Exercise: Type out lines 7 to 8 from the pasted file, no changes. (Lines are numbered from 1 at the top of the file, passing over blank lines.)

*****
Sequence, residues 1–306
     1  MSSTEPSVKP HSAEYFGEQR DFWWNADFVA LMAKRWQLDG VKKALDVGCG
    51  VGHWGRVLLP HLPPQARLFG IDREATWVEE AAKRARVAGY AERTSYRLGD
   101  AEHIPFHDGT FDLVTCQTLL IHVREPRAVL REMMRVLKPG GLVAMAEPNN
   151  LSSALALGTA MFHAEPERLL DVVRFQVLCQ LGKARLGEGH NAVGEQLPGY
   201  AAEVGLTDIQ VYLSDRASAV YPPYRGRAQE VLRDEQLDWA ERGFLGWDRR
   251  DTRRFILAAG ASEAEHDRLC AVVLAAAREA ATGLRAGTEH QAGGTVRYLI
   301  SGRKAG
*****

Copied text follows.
   251  DTRRFILAAG ASEAEHDRLC AVVLAAAREA ATGLRAGTEH QAGGTVRYLI
   301  SGRKAG